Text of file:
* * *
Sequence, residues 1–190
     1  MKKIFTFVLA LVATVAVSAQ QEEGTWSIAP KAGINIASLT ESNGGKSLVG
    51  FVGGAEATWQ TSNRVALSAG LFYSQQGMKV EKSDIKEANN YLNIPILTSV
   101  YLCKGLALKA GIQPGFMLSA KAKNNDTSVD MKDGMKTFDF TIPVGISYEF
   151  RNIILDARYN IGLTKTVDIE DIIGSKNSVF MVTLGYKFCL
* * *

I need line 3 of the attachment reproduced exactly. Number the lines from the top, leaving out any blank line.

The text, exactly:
    51  FVGGAEATWQ TSNRVALSAG LFYSQQGMKV EKSDIKEANN YLNIPILTSV